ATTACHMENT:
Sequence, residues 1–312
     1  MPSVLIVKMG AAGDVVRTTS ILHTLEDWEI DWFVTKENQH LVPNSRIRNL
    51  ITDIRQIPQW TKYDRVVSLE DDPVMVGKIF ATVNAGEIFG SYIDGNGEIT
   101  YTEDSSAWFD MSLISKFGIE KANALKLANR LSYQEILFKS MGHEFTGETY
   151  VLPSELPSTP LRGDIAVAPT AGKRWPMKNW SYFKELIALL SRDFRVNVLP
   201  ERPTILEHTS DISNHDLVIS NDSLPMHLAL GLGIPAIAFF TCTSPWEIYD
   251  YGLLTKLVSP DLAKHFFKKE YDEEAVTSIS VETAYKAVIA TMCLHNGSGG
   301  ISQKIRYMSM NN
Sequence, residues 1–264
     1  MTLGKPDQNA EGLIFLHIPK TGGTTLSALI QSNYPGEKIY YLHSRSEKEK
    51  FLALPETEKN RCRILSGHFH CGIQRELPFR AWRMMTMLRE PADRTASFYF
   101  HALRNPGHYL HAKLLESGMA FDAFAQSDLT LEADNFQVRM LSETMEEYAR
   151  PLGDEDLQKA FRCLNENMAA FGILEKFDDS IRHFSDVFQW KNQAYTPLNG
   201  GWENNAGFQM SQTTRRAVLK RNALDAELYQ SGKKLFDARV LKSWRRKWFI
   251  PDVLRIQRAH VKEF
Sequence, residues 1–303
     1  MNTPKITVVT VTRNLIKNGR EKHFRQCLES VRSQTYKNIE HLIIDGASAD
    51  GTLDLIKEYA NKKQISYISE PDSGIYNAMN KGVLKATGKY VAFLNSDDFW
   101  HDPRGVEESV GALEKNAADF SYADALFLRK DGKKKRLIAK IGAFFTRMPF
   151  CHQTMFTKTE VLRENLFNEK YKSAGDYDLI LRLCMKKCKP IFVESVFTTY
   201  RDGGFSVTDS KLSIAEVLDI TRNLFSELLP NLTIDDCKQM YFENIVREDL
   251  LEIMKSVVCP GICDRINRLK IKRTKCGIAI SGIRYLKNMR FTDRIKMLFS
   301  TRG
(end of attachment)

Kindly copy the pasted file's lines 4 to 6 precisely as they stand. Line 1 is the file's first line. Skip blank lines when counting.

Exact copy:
   101  YTEDSSAWFD MSLISKFGIE KANALKLANR LSYQEILFKS MGHEFTGETY
   151  VLPSELPSTP LRGDIAVAPT AGKRWPMKNW SYFKELIALL SRDFRVNVLP
   201  ERPTILEHTS DISNHDLVIS NDSLPMHLAL GLGIPAIAFF TCTSPWEIYD